Making sense of science

Newsletter May 2016

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This month in science (May 2016)
digital article
Biometrics: Identification in Action
Biometrics After fingerprints, face or iris scans, researchers are now exploring new biometric identification methods, based this time on the very unique way we move or interact with our smartphones.
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matter digital video
The Smallest Car Race in the World
nanotechnology The first-ever international race of molecule-cars will take place at the CEMES laboratory in Toulouse this fall. Five teams are fine-tuning their cars—each made up of around a hundred atoms and measuring a few nanometers in length. They will be propelled by an electric current on a gold atom "race track." We take you behind the scenes to see how these researcher-racers are preparing for the NanoCar Race.
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earth article
A Quick Guide to Slow Earthquakes
seismology First detected fifteen years ago, slow slip events have now been observed in many parts of the world, opening up a new window into the processes at work in seismic faults. With magnitudes of up to 7.5 on the Richter scale, these earthquakes, which last from several weeks to several months, could eventually help improve mapping of seismic risk.
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Also this month
matter article
Leaving a Mark on Mars
Geology New research indicates that even in small quantities, liquid water on Mars—which would immediately boil and evaporate—may considerably alter the surface morphology, creating very different structures from those found on Earth.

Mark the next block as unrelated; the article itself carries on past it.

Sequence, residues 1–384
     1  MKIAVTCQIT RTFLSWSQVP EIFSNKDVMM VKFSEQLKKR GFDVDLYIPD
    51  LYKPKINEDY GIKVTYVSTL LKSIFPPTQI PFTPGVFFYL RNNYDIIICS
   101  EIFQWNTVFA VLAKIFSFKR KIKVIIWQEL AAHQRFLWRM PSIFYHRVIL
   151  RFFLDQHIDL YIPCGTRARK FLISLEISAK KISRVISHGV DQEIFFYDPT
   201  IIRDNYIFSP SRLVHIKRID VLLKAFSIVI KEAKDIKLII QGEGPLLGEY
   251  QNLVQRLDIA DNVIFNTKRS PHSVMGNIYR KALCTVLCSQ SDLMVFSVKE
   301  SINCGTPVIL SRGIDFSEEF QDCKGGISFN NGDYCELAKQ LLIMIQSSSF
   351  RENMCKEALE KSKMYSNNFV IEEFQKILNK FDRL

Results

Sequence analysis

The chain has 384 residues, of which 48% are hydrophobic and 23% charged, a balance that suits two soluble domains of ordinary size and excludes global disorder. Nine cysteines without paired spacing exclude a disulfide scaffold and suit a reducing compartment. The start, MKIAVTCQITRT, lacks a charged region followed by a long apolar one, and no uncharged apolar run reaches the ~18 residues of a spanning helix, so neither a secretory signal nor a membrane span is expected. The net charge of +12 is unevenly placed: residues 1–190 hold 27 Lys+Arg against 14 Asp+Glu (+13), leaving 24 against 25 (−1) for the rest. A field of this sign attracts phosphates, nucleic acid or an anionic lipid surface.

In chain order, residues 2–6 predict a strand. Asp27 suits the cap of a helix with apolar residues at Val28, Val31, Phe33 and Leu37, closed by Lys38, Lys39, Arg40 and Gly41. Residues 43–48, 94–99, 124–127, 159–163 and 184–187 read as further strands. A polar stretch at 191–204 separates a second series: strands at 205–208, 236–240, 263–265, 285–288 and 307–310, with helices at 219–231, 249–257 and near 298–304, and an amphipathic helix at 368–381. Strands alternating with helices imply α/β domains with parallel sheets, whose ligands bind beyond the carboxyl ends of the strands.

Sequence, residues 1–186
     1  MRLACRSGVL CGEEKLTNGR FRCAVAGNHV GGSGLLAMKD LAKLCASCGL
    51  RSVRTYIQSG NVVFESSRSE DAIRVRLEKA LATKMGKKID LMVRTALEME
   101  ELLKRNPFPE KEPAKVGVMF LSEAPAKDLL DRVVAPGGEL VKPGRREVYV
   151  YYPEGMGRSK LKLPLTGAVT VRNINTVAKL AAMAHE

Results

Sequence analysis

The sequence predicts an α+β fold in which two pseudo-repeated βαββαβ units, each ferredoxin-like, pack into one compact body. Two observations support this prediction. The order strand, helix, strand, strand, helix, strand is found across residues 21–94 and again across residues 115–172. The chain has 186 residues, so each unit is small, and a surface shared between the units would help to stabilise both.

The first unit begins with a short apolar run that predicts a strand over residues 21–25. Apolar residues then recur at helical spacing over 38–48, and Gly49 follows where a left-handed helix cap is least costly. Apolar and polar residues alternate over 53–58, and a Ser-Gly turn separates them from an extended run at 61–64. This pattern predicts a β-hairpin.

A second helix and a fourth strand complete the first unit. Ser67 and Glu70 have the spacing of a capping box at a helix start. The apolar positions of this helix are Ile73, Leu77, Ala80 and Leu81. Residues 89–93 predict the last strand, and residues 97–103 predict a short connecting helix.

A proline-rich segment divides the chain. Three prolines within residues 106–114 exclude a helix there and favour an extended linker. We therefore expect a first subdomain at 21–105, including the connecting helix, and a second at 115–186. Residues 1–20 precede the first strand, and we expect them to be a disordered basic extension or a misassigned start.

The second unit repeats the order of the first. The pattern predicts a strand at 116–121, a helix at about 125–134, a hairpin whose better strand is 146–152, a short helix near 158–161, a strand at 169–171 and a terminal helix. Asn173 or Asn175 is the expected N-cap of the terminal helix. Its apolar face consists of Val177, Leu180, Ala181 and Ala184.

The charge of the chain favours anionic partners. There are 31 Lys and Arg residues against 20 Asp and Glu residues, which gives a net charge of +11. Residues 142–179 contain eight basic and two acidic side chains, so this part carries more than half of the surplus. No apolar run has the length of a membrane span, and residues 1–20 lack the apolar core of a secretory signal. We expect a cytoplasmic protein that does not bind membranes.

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society article
Income Inequality: the Tip of the Iceberg?
Economy Discrimination against women in the job market begins as early as the recruitment stage. CNRS researcher David Masclet explains this phenomenon highlighted by experimental economics, and discusses the vicious circle of sexism that takes root during childhood.
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matter article
The Principle of Equivalence Put to the Test
astrophysics The Microscope satellite was placed in orbit this April. Its mission: test once more the principle of equivalence, a pillar of the theory of general relativity that postulates that all objects fall in the same way in a vacuum. Could Microscope be the first to invalidate it?
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digital article
A Virtual Simulator for Emergency Response Teams
Artificial Intelligence In extreme situations, such as war or following a terrorist attack, first-aiders are subjected to levels of stress that can affect the quality of the care that they provide to the injured. A multidisciplinary research team has developed a virtual simulator to help the fire service and military...
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earth diaporama
A Year in Antarctica
climatology As an open-sky laboratory, the Southern Continent provides an ideal setting to monitor the various parameters of our climate: atmosphere, snow, meteorological conditions… familiar research for Roxanne Jacob, who has returned from a year-long mission to Antarctica’s Concordia Station.
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life article
Do Animals Work?
Sociology Do guide dogs, sheep dogs and circus animals actually work? They do, say the researchers of the COW project, for these animals use their intelligence and sensitivity to perform tasks that require much more than simple conditioning.
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life article
How did Our Cells Acquire Respiration?
Biology Biologists suspected that our cells had acquired respiration by ingesting free-living bacteria that they have since always contained. Recent studies suggest infection rather than ingestion.
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life video
The Effects of Ageing on Visual Perception
Cognitive science Does our sense of direction change as we get older? A team of researchers is studying the toll that age takes on our vision. To do this, they immerse research subjects fully equipped with sensors in an artificial street. This StreetLab, developed by the Vision Institute and the Pierre and Marie...
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